I had first got the idea of going rabbit hunting after eating rabbit soup while in Russia, the meat was delicious and had a texture similar to chicken. When I returned to Arizona it was February and prime season for rabbit hunting. I did a little research online to try and find the best place to go but as is usual, and I don’t blame them, only vague general locations were given! So I took to a trusty tool for Arizona hunters called Habimap.com. This is a state resource website that details land usage using a GIS (Geographic Information System) and it enables you to look at and analyze multiple layers of land data. For my purpose I turned on the land ownership layer and the topographic map layer. I found some State Trust Land and National Forest about 45 minutes from home that had what looked like some decent valleys and washes for the rabbits to live in.
I packed up all my gear including:
-Molle Backpack, with water bladder, knife, zip lock bags, gloves, and of course snacks!
-WH SSSK Survival Kit & GHA Medical Kit
-Over/Under 20 gauge Shotgun
I headed out early in the morning with
my wife hoping to bag a couple of rabbits
and maybe even a quail or two. We hiked
and hiked and I saw some movement and
drew up my gun but it only turned out to be
a squirrel…It started getting late in the day
and we regrettably had to call it quits. I went
home disappointed that I had not even seen
a rabbit or taken a shot, but you can never
regret about getting out into the wild and trying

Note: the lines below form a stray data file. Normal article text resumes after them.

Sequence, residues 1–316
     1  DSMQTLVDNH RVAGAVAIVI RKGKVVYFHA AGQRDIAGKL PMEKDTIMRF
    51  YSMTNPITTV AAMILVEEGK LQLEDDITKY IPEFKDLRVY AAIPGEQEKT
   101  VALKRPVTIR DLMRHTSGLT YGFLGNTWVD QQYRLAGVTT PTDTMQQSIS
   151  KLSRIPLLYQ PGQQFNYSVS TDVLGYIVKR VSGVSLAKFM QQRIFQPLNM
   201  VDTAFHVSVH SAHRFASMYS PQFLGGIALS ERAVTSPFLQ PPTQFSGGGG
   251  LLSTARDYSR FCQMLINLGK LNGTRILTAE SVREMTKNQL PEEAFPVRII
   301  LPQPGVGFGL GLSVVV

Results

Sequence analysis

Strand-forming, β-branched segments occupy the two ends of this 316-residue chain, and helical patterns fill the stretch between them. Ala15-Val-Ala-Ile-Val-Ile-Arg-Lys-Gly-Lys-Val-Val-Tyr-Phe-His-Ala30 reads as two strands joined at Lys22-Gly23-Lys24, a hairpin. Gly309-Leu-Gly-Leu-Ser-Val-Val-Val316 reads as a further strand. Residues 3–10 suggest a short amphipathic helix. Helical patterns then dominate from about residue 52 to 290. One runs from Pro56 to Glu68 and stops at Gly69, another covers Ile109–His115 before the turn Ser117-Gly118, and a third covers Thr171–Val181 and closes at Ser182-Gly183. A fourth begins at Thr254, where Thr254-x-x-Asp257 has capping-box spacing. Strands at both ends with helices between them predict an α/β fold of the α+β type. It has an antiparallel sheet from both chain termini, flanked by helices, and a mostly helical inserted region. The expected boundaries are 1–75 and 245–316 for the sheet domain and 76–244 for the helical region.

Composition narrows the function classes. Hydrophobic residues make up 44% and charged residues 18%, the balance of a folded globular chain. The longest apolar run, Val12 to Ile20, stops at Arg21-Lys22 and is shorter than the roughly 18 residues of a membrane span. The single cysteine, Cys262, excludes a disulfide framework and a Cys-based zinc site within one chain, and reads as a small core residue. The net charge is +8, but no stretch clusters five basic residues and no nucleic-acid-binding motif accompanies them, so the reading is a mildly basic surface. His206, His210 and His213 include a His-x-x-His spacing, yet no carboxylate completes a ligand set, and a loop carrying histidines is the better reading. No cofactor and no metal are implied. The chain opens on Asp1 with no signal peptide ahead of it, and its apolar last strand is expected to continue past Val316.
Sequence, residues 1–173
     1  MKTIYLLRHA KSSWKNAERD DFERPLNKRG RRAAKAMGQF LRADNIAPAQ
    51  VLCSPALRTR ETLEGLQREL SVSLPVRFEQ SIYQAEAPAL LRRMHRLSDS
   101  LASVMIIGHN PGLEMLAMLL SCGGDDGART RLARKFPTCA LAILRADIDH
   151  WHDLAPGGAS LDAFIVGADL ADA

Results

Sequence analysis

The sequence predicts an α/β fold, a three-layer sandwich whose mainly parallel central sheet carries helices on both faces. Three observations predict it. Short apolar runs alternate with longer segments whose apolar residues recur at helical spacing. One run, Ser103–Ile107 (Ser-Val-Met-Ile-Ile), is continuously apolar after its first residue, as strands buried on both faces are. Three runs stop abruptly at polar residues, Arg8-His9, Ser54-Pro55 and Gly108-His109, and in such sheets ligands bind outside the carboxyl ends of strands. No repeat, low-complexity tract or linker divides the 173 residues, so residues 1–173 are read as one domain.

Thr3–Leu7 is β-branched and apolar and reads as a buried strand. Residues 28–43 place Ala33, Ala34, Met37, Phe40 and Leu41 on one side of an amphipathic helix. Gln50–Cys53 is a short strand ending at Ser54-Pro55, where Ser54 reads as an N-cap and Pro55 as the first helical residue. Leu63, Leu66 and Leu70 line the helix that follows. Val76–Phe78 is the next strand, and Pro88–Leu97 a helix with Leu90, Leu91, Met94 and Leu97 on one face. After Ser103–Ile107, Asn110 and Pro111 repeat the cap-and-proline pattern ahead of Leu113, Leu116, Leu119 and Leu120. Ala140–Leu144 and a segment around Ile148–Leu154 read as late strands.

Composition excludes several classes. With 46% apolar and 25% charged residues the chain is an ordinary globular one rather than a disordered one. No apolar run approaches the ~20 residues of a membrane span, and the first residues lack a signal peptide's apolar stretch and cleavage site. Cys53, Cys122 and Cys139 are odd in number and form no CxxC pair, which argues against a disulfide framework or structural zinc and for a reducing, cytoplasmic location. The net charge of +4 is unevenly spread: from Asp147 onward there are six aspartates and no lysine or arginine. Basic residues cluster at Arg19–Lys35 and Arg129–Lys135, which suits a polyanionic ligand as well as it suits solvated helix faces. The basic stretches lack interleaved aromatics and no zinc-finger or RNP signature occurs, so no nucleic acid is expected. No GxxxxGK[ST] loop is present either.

I had honestly thought rabbit hunting would be fairly easy compared to hunting quail, but it turns out I had underestimated the rabbit. I was determined to get a rabbit the next time though so I started doing some reading on how the rabbit lives, eats, and sleeps. While reading the materials I realized my mistake, I hadn’t checked the moon’s stage. The cottontail rabbit is very smart and knows how to best protect itself, so when the moon is more than half full he opts to feed mainly at night when it is safer from predators. When the moon is less than half full he prefers to feed in the early morning or dusk where it is easier for him to see. On my previous trip the moon had been nearly full; it was now no wonder why I hadn’t seen a single cottontail! Another thing I learned about rabbits is that they will defecate right next to their dens, because in hard times they will eat it again. So finding rabbit droppings is a good sign that there is a den nearby. A good tip is to circle around the hole two times to see if you can get him to jump. Of course it is also good to know that rabbits like valleys and ravines and bushy/dense areas.
With this new knowledge in hand I planned my next hunt accordingly. My Wife and I took off at 5:00 am to some State Trust land east of Chandler Arizona. The sun was just getting up when we started out into the desert towards some small hills. Not 30 minutes into our hunt did I bag my first Rabbit, unfortuntley it wasn't the first one I had seen that morning! Arizona Rabbits are fast! The rabbits were out and we were having a great time, doing the research had really paid off. We even got to see a huge Desert Jack Rabbit with his huge ears jumping around looking for food in the early morning. As the day wore on we got another rabbit and then ran into a huge covey of quail around 40 count. So we turned our sights on them having satisfied our taste for rabbit. Quail are always an exciting bird to hunt, they are loud when they take off and fly real low, their small size also aides in their ability to evade our sights. Without a dog to hold the quail in place the covey stayed out pretty far in front of us and we were only able to bag two stragglers. Our Golden Labrador Melon had to sit this one out at the car as she was still just a pup, but she got to play with the quail feathers later! By the end of the days hunt we had bagged 2 Rabbits and 2 Quail, it was a great day and we are looking forward to our next chance to chase some more rabbits.
Jonathan Barbera - Owner